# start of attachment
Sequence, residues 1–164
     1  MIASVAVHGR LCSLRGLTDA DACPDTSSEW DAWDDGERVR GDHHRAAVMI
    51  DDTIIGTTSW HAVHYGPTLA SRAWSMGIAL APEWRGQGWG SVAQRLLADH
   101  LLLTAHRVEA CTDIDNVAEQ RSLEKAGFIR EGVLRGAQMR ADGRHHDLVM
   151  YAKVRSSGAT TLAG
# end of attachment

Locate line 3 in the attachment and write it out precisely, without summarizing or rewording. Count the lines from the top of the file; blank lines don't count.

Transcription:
    51  DDTIIGTTSW HAVHYGPTLA SRAWSMGIAL APEWRGQGWG SVAQRLLADH